Since spring has made its presence known, my mind has been occupied with two things, scaffolding and hope. If you missed it, the last post dealt with Choosing Hope, and somehow, while writing that, I neglected to include the following Emily Dickinson poem:
Hope is the Thing with Feathers
Hope is the thing with feathers That perches in the soul, And sings the tune without the words, And never stops at all, And sweetest in the gale is heard; And sore must be the storm That could abash the little bird That kept so many warm. I've heard it in the chillest land, And on the strangest sea; Yet, never, in extremity, It asked a crumb of me.
So, hope. Hope and scaffolding, I said, had been my pre-occupations recently.
If you see your life as a work in progress, an ongoing construction and learning project, what is your scaffolding? What supports you?
I experienced a long winter, battling depression and feeling unmoored, ungrounded. In a conversation with a friend and pastor, she brought up the idea that I was feeling “unscaffolded.” It was the perfect image for me to latch onto and ponder.
There have been times in my life when I chose to blindly “go it alone”, and nearly caused my life to collapse in a heap of hedonism, perhaps even hubris. This was true after the sudden death of my father, when I was eighteen, the perfect age to turn to booze, pot and self-indulgence to avoid my grief. It took nearly crashing and burning to help me regain my footing, to allow my existing scaffolding to help me go on. I became a wife, mother and teacher, parts that allowed me to receive and to be scaffolding. When I left teaching at forty-one, the fact that I had two boys at home to continue parenting provided the structure I needed. My personal calendar was synced with their academic calendars and their extra-curriculars, sports, music, theater.
Memorial Day weekend of 2008, I heard the dreaded, “I’m sorry to say that you have cancer.” Two weeks later, my youngest graduated high school.
What was my scaffolding in those days? I faced breast cancer and an empty nest, but while I was sad, I still felt anchored. My scaffolding? Faith, family and friends. It was clear and simple. Later, after surgery and radiation, I found the focus and energy common to survivors. My new-found attention to my writing yielded results. Within my first year of survivor-hood, I stared down my fear of submission and published stories. I began a blog – supporting and encouraging other writers.
As my sixth year cancer-free birthday approaches, I’m wondering why I’ve struggled so this last year with depression, with feeling scattered. At times my collapse has been visible in my home. Unable to move, piles of mostly unread books, literary journals, bills, quarterly statements grew, then spread out and scattered, puddles of undone unknowns. Their presence shouted “loser” at me.
Guilty as charged, I conceded.
But even then, a tiny seed of hope stayed with me. It’s with me still. Maybe I was born with it. Maybe.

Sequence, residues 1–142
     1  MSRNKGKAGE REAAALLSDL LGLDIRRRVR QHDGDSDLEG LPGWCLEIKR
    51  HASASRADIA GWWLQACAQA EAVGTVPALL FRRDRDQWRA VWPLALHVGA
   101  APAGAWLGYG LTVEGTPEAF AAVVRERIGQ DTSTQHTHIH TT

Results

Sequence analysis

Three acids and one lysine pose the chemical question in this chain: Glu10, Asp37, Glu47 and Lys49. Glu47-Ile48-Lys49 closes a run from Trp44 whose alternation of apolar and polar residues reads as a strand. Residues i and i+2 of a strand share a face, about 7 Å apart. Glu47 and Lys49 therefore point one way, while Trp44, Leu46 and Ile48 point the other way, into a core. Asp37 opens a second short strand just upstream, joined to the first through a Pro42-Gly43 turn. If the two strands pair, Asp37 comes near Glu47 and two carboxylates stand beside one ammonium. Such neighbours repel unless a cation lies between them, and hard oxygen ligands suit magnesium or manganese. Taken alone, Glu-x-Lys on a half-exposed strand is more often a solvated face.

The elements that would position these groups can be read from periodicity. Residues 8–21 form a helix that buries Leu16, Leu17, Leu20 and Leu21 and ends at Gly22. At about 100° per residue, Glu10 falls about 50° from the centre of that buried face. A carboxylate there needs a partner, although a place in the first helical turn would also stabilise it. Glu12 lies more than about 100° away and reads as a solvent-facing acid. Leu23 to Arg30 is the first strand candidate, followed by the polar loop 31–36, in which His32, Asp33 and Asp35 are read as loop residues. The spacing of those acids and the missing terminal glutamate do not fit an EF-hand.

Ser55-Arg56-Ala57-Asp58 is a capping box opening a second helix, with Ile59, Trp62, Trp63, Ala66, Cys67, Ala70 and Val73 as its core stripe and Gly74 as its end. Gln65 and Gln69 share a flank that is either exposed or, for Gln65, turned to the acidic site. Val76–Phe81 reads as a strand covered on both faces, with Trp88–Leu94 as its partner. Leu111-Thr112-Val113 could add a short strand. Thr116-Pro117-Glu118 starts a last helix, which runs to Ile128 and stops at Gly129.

But I believe it was planted by family before I have memory. When my parents smiled at me, held me and loved me, they didn’t know they were also giving me the seeds of hope.
I recognize that hope is a weight-bearing pole in my scaffolding. The other three poles? Faith, family and friends. I’m not the artist in our family, but here’s a rough rendering of how I see this scaffolding now:
On the platforms, I see the names of different people and communities who have helped me in this construction project of my life. I haven’t written them in, because actually, I envision them more as pictures, decoupaged onto the platforms. My scaffolding is full of smiles in my mind. I’ve been blessed with too many wonderful family, friends and coaches to begin singling anyone out here. Sorry to my extra special ones! Hoping you know who you are.
In my writing, the platforms between the scaffolding poles (not the other kind of platform writers seek), has been the Red Oak Writing studio in Milwaukee, WI. I’ve made life-long friends there, as well as finding writers whose opinions I value….writers who are not afraid to say when something is not working in my words. Writers who would never offer, “that’s nice,” or “I really like that,” as their only comment on my work. Instead, I’ll get “this chunk slows for me,” or, “is that the right word? It tweaks me a lot,” or, “does the story actually begin here? Were you clearing your throat on the first two and a half pages?” Those are the comments a writer needs!
I’ve also gained writer friends and mentors from writing conferences — especially the Iowa Summer Writing Festival, Tin House, NY State Summer Writers Institute, Aspen Summer Words and Bread Loaf in Sicily. With this blog, with my coaching at Red Oak and with my responses to requests from writer friends, I try, sometimes successfully, sometimes not, to be a strong member of other writers’ scaffolding. The examples of my great teachers and coaches — Judy Bridges, Kim Suhr, Amber Dermont, Robert Boswell and Luis Alberto Urrea — have shown me the importance of being a giving writer. We all need strong scaffolding, but in a field that requires solitude in the creation, it can be challenging to find – and then remain tied to our scaffolding.
Seek and you shall find.